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A “chimera” theory on the origin of dicyemid mesozoans: evolution driven by frequent lateral gene transfer from host to parasite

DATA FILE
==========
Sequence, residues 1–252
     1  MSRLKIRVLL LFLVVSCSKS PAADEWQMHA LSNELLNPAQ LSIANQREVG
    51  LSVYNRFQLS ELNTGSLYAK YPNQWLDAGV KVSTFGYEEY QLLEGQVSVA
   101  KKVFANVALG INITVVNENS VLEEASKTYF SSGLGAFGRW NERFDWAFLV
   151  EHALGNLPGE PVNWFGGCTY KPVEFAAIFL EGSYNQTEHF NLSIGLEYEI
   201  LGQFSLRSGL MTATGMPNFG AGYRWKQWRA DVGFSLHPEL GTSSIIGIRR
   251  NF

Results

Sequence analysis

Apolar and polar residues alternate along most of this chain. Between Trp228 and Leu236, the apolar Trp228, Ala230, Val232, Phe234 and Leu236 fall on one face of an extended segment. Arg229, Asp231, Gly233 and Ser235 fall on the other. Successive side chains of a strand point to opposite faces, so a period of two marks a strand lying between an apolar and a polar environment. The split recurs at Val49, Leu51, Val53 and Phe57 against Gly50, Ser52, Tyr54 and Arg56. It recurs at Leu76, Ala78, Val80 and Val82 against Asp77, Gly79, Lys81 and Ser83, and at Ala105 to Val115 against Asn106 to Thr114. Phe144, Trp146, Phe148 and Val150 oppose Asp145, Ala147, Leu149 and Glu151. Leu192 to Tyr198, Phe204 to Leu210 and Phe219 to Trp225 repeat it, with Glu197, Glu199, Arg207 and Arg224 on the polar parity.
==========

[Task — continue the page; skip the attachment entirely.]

The phylogenetic status of the enigmatic dicyemid mesozoans is still uncertain. Are they primitive multicellular organisms or degenerate triploblastic animals? Presently, the latter view is accepted. A phylogenetic analysis of 18S rDNA sequences placed dicyemids within the animal clade, and this was supported by the discovery of a Hox-type gene with a lophotrochozoan signature sequence. This molecular information suggests that dicyemid mesozoans evolved from an ancestral animal degenerately. Considering their extreme simplicity, which is probably due to parasitism, they might have come from an early embryo via a radical transformation, i.e. neoteny. Irrespective of this molecular information, dicyemid mesozoans retain many protistan-like or extremely primitive features, such as tubular mitochondrial cristae, endocytic ability from the outer surface, and the absence of collagenous tissue, while they do not share noticeable synapomorphy with animals. In addition, the 5S rRNA phylogeny suggests a somewhat closer kinship with protozoan ciliates than with animals. If we accept this clear contradiction, dicyemids should be regarded as a chimera of animals and protistans. Here, we discuss the traditional theory of extreme degeneration via parasitism, and then propose a new “chimera” theory in which dicyemid mesozoans are exposed to a continual flow of genetic information via eating host tissues from the outer surface by endocytosis. Consequently, many of their intrinsic genes have been replaced by host-derived genes through lateral gene transfer (LGT), implying that LGT is a key driving force in the evolution of dicyemid mesozoans. http://www.deepdyve.com/assets/images/DeepDyve-Logo-lg.png Biosystems Elsevier
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